Lagrange multipliers and other higher-order interpolation methods

Lagrange multipliers and other higher-order interpolation methods

Post by Nicholas K » Tue, 28 Oct 2008 07:27:25


I am wondering if there are any applications for higher-order Lagrange
approximating polynomials in digital signal processing or image
re-sampling. I know that Lagrange multipliers are used to some extent
in the construction of FIR filters, and are also used in bicubic
interpolation. However, is there an application involving higher order
Lagrange polynomials?

Does anyone know of a good reference book dealing with bicubic and/or
higher order Lagrange? Does using higher order improve the accuracy
with 2D, or do I still have to deal with the Runge phenomenon?

Nicholas
 
 
 

Lagrange multipliers and other higher-order interpolation methods

Post by STRAYD » Wed, 29 Oct 2008 15:53:21


hi nicholas,
in two dimensional channel estimation
methods..higher order interpolation techniques are used.please look
out for them. Long back i saw one pdf of some company on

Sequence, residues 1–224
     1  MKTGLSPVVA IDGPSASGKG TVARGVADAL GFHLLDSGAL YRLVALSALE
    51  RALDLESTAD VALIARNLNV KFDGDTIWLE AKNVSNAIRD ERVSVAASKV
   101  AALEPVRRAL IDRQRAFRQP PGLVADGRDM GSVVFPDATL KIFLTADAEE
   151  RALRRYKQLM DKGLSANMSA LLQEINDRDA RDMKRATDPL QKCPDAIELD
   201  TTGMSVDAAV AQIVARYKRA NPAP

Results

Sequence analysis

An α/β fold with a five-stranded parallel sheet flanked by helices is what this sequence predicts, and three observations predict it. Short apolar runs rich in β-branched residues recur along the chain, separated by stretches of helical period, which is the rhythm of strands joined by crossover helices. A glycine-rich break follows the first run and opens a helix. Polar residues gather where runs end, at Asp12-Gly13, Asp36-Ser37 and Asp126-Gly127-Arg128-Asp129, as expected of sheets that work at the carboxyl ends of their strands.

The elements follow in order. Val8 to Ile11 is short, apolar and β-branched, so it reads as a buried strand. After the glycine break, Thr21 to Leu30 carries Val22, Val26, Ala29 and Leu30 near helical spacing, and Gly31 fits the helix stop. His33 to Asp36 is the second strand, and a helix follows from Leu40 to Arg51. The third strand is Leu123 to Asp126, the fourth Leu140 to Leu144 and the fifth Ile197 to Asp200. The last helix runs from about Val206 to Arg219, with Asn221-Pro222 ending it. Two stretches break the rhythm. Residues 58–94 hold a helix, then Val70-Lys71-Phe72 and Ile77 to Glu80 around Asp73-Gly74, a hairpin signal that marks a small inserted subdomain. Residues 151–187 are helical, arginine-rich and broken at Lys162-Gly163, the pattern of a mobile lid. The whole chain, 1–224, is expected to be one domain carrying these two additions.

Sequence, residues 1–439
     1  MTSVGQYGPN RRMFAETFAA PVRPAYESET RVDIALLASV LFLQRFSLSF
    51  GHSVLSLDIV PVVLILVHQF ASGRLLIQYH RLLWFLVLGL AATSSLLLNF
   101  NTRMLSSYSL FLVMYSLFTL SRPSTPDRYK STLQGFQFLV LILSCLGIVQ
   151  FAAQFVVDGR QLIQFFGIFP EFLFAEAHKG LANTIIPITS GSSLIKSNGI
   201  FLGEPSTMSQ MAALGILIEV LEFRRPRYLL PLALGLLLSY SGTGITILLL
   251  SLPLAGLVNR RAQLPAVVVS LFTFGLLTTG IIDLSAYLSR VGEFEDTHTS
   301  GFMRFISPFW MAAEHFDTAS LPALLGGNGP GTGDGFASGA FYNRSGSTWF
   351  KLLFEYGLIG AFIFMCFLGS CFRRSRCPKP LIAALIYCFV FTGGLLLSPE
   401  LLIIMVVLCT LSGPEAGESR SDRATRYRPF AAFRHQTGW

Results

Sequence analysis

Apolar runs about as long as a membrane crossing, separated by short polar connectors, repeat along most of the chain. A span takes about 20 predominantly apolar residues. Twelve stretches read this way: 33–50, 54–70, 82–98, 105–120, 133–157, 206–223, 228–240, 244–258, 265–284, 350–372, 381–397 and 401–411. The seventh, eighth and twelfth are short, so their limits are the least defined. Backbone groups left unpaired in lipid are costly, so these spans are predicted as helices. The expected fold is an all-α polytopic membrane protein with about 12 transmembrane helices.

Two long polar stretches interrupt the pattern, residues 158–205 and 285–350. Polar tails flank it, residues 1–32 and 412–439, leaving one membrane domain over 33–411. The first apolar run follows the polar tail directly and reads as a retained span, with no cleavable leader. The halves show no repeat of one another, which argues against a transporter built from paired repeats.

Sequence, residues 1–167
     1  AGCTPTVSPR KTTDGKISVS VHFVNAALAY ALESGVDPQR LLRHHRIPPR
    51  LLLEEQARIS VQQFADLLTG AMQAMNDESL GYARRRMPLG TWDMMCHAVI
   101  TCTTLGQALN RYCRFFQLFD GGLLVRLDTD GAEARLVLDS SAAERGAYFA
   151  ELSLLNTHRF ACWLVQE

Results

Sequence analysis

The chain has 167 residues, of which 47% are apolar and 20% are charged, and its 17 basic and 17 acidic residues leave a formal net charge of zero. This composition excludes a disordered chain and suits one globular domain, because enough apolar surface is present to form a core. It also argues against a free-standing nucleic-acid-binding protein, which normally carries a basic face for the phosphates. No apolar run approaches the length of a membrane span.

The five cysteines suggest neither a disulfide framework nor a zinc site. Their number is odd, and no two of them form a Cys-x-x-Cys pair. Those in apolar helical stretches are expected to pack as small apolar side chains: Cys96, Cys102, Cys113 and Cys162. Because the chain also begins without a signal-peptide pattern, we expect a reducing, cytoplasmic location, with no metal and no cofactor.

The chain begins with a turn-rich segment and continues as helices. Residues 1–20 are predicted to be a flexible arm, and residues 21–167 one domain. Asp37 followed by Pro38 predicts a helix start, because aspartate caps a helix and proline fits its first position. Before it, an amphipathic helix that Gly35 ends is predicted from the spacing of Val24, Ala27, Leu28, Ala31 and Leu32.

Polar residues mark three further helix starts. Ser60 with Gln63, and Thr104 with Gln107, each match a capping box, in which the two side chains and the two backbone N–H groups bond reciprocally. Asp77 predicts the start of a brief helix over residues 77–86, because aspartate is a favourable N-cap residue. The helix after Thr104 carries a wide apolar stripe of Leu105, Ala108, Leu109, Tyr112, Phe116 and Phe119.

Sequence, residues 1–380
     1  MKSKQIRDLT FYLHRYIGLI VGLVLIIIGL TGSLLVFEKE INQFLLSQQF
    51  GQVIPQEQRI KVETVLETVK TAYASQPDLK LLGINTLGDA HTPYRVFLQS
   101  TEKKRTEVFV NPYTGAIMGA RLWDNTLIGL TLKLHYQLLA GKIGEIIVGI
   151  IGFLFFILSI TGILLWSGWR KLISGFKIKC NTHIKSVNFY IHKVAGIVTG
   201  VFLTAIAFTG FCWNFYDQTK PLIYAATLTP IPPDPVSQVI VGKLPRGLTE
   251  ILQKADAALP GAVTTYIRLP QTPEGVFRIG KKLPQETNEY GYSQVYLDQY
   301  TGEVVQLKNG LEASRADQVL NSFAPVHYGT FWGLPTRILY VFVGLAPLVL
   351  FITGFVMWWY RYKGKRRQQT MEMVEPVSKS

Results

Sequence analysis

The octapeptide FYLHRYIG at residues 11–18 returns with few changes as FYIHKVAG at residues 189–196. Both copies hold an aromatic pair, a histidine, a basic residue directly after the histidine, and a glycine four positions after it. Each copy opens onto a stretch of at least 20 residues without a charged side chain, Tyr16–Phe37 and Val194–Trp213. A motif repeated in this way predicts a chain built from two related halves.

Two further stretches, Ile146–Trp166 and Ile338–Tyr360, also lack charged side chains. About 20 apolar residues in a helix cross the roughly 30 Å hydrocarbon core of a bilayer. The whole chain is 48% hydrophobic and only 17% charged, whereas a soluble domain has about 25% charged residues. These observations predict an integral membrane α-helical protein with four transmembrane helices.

internet..about 2d channel estimation.

thanks
particlereddy

 
 
 

Lagrange multipliers and other higher-order interpolation methods

Post by Nicholas K » Thu, 30 Oct 2008 00:34:06

Thanks, particlereddy! I'll do a search for these techniques on Google.
This sounds very interesting. Thank you for drawing my attention to this!

Nicholas
 
 
 

Lagrange multipliers and other higher-order interpolation methods

Post by Martin Eis » Thu, 30 Oct 2008 21:21:01

Nicholas, note that "Lagrange multiplier" is a term from numerical
optimization with a meaning totally unrelated to Lagrange
polynomials.


Martin

--
Quidquid latine scriptum est, altum videtur.
 
 
 

Lagrange multipliers and other higher-order interpolation methods

Post by Nicholas K » Sun, 02 Nov 2008 00:15:28

Of course, there are different meanings ascribed to a series of methods
which are all named "Lagrange." The name is ubiquitous in science and
engineering.

Your comment is most appropriate for this discussion thread on comp.dsp.
Thanks Martin!

Nicholas